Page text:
TAYLORSVILLE — Brooklyn Willes dove toward the fly ball that was suddenly lost in the setting sun, desperately hoping it would land in her outstretched mitt.
“I rolled over and just kind of laid there,” she said of her spectacular catch that gave Lehi the last out of its 5-4 victory over Taylorsville to claim the 5A state softball championship. “I knew we’d won state. It’s my senior year, and a great play to end it.”
Willes has struggled mightily at the plate this year, so both her parents and her coaches told her to focus on contributing in the outfield.
“I just tried to do my part,” she said. “I work my butt off in the outfield, even though I don’t hit.”
The catch came with two runners on base. And while everyone in the packed stands was mesmerized by the moment, there was one person who was particularly anxious as Willes sprinted toward the quickly moving softball.
“It was nerve-wracking to watch from the mound because those balls spin weird from lefties,” pitcher Sydney White said of the fly that appeared to be headed foul near the third-base line. “All I’m thinking is, ‘Please be foul! Please be foul!’ because I didn’t know if she was going to get there. But she came through for me, and it was a great way to end the game.”
It was an exciting title game between two teams that had played earlier in the tournament. Lehi defeated Taylorsville (6-2) on the second day of competition, sending it into the elimination bracket.
The championship was the sixth game in three straight days for the Warriors. They defeated top-ranked Layton 10-2 in Thursday’s 2:30 p.m. game for a chance to avenge their earlier loss to Lehi. In that game, pitcher Asenaca Lesuma hit two home runs, one a grand slam for five of the 10 RBIs.
Head coach Rich Kaelin said the initial loss to Lehi galvanized the young team.
“After that, we got together and we became a team,” Kaelin said. “We just played really, really well. They came together as a team, and that’s why we’re here. I was just really proud of my team. With only two seniors, to have my (underclassmen) come through like they did was amazing.”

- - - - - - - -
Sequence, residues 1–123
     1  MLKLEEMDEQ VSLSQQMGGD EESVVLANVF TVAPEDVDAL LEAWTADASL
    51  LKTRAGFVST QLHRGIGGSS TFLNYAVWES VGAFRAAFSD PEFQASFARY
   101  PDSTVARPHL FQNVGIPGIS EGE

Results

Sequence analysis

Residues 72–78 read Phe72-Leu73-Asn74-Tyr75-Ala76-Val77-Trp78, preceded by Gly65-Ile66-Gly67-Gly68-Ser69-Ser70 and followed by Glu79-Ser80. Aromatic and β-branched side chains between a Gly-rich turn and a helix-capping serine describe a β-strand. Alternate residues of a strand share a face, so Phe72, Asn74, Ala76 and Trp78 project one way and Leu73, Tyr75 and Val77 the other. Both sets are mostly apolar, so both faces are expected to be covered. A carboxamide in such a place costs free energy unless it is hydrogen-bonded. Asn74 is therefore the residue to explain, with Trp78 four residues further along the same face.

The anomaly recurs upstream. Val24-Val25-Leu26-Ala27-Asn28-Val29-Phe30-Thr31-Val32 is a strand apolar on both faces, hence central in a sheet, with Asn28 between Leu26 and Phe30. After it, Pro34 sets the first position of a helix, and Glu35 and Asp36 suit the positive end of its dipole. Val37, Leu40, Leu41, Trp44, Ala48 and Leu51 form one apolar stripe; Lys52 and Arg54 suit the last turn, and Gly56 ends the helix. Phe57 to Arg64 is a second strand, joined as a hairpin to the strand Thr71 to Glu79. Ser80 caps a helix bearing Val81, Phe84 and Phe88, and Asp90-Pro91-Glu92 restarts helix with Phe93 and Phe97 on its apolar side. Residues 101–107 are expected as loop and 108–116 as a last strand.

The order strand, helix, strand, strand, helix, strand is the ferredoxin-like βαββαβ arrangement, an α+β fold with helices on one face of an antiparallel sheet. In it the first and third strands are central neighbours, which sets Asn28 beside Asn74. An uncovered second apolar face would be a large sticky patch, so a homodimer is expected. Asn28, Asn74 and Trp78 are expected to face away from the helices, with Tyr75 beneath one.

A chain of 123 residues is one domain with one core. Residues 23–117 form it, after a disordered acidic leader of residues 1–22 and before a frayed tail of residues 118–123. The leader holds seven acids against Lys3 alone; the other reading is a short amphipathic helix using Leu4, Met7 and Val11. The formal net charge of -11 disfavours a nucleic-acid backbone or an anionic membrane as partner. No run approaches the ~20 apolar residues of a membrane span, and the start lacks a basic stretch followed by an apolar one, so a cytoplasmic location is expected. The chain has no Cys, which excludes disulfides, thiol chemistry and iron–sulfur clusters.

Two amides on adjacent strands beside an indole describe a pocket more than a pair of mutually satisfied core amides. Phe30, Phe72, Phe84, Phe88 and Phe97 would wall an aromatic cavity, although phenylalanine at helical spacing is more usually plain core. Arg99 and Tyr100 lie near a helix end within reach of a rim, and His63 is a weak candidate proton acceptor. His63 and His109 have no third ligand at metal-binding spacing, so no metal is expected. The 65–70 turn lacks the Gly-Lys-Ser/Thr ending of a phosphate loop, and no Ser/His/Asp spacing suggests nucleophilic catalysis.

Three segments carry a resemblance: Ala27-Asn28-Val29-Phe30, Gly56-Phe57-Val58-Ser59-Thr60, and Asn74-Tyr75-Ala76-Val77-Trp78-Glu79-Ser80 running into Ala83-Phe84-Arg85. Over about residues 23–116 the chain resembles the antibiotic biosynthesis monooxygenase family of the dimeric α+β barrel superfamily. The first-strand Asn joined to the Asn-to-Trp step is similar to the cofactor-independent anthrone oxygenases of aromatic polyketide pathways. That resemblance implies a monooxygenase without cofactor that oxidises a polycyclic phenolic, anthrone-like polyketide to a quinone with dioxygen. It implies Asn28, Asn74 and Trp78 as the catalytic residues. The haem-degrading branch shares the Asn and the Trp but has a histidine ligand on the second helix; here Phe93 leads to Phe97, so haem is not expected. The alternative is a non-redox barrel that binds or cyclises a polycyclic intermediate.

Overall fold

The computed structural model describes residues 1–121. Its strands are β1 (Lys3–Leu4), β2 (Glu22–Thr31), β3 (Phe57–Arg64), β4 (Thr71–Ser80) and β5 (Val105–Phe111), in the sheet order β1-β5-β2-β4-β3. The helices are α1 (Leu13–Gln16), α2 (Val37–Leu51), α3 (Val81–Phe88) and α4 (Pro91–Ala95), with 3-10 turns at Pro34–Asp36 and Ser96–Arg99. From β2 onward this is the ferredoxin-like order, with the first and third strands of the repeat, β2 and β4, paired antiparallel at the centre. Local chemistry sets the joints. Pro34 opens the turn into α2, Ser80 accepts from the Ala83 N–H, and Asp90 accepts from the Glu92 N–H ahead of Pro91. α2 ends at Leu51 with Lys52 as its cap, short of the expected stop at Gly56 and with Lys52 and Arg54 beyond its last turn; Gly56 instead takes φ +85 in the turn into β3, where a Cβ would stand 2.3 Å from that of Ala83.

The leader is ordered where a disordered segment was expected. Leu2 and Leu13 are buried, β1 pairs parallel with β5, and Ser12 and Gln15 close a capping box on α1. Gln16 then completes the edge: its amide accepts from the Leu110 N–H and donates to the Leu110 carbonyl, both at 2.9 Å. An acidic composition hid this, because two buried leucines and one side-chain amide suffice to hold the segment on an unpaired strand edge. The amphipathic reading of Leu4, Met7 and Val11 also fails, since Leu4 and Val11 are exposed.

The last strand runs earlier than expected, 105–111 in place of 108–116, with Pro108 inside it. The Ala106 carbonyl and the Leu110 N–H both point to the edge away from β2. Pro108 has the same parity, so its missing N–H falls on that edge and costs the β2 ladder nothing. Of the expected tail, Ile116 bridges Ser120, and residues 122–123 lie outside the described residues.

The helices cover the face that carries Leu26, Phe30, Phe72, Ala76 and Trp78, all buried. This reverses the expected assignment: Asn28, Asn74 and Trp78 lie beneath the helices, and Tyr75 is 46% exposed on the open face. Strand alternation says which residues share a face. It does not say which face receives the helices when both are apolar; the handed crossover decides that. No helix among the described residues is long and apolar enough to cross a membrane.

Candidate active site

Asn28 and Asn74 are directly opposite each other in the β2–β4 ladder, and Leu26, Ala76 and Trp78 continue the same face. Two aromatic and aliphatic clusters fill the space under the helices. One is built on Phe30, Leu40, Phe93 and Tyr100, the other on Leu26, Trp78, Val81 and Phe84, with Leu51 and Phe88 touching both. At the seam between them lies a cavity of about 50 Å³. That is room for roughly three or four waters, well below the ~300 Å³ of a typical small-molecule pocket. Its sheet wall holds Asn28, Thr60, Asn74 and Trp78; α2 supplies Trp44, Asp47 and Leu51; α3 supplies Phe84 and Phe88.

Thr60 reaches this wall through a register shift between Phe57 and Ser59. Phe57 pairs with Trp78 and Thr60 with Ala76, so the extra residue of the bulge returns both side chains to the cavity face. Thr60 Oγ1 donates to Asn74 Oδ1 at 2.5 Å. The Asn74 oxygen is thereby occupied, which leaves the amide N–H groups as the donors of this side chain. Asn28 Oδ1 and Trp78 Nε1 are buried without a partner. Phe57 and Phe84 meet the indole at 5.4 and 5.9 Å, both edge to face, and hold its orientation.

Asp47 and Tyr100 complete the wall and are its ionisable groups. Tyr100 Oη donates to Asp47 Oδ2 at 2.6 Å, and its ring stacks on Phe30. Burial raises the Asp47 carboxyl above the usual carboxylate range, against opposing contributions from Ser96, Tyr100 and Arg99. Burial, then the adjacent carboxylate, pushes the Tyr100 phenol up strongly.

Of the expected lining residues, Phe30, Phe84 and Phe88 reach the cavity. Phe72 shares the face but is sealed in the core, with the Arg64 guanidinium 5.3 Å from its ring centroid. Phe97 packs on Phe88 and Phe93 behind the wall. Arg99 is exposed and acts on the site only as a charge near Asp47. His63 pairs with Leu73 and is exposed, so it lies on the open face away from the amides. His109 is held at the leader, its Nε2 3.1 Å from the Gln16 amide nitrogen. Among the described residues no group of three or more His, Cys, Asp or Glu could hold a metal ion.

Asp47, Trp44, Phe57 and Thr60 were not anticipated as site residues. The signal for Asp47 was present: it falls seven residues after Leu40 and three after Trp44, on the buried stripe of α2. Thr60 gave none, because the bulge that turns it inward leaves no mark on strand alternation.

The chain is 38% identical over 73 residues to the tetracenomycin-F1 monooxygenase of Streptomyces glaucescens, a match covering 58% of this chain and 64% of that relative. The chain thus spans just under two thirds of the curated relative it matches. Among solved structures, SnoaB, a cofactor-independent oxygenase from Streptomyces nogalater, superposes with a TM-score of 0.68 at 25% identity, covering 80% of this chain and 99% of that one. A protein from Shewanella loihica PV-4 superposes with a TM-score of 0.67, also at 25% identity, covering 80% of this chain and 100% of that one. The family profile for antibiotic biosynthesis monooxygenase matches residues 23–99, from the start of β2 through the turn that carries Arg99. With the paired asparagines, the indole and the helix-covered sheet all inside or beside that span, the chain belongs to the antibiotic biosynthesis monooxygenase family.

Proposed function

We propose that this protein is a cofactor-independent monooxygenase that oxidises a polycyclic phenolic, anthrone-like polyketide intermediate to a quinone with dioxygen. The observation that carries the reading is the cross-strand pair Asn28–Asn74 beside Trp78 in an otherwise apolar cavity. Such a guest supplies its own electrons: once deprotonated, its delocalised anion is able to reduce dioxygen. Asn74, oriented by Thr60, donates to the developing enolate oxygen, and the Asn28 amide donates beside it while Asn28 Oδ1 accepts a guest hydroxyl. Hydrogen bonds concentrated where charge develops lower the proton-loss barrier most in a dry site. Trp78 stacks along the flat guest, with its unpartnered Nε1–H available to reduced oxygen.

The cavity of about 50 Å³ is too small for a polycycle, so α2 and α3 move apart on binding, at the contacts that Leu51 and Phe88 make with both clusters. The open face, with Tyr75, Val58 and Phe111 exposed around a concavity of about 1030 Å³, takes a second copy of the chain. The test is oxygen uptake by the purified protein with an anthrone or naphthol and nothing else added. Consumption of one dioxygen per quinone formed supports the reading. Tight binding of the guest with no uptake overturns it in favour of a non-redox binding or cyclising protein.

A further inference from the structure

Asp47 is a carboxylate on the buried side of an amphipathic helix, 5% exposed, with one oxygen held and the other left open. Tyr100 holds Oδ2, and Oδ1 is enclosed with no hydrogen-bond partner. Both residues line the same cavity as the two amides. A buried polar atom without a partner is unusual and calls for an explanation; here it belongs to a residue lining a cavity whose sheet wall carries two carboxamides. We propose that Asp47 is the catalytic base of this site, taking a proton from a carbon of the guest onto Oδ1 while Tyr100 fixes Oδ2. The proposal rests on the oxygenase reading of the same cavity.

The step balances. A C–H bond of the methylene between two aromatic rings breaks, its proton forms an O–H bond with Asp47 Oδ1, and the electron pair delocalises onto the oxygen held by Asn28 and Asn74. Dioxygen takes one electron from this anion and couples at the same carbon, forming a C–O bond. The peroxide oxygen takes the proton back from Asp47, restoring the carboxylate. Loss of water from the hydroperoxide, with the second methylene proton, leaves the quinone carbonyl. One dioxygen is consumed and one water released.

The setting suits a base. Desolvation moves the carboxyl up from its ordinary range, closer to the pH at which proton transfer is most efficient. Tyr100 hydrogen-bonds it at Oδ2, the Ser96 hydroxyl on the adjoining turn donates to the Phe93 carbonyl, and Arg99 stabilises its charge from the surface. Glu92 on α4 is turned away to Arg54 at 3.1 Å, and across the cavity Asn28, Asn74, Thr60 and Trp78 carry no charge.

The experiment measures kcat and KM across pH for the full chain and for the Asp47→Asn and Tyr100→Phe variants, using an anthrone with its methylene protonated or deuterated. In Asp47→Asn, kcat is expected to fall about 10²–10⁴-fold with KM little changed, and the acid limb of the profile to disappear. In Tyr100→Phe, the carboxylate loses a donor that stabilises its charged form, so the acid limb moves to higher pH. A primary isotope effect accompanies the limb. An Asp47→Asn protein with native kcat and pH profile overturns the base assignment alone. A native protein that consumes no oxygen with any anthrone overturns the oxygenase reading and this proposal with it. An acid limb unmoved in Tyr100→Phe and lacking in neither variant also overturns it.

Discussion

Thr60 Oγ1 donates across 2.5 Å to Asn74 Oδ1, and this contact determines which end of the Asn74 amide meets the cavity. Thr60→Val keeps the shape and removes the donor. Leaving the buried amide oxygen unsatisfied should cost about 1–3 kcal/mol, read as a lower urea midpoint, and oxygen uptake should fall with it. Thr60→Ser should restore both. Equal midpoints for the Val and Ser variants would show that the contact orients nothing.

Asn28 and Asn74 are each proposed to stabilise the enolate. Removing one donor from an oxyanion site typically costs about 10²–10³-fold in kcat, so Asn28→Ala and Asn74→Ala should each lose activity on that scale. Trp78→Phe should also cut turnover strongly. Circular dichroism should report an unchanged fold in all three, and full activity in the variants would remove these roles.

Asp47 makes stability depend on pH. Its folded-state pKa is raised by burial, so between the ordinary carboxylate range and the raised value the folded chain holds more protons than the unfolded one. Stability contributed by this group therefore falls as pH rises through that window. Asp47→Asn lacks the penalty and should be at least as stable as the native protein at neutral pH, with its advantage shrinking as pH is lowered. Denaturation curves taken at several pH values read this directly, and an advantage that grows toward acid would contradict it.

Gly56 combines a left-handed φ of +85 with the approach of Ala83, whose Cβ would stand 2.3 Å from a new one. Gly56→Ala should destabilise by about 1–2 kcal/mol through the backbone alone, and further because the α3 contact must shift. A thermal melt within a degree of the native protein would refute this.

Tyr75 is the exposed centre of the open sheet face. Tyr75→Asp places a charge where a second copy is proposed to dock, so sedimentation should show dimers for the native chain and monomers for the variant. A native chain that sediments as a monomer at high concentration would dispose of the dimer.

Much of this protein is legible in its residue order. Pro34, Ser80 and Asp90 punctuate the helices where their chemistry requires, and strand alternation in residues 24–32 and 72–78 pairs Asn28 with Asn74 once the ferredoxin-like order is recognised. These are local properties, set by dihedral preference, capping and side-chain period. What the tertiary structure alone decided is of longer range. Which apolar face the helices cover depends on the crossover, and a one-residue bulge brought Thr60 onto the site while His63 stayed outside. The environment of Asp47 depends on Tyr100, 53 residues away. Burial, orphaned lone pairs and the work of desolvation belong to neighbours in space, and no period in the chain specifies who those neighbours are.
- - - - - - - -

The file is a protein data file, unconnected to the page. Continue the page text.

Meanwhile, Lehi knocked off four region champions as a three seed, an unfortunate twist of fate as the Pioneers lost a coin toss in a three-way tie for the Region 4 title.
“To come from a three seed, to work and not get down, I think it just shows our heart and our character. And it just means the world to us that we were able to come through for each other.”
The Warriors scored first when Shaylee Pearson opened the game with a single and then scored on Karlee Jensen’s sacrifice fly. The Warriors scored two runs in the third inning when Karlee Jensen hit a two-run home run. Tasia Taylor drove in the fourth run in the sixth inning with a single.
After Taylor reached first, Caitlyn Littleford was thrown out at home and then Taylor was thrown out trying to steal second for an unusual double play for the Lehi defense.
White got Lehi’s first run as the lead-off batter in the first inning. She scored again when she led off in the bottom of the fifth inning. The Pioneers scored three more runs with two outs, and that was enough to secure the win.
As the Pioneers took the field in the top of the seventh inning, they needed just three outs to earn the school’s first state softball title since 1996.
“We didn’t say much at all,” said head coach Whitney Thomas. “It’s another inning, let’s go out and let’s get those outs. That’s what we’ve tried to do this whole time, just stay in control. That’s what we were going for.” White admitted she was tired, but there was never any discussion about anyone else standing in the circle for the second-ranked Pioneers.
“She was a little tired, and how could you not be?” Thomas said. “But she doesn’t let it show. She battles through, she keeps fighting, and it was just a great performance by her. We knew we would help her with our bats; we knew we could make it happen.”
Willes was at a loss for words when asked to describe what the accomplishment meant for the team, the school and the community.
“We wanted it so bad,” she said. “To finally get it, it’s a crazy feeling.”
Added White, who is only a sophomore, “None of these girls are playing for themselves. They’re working for each other. It feels great.”
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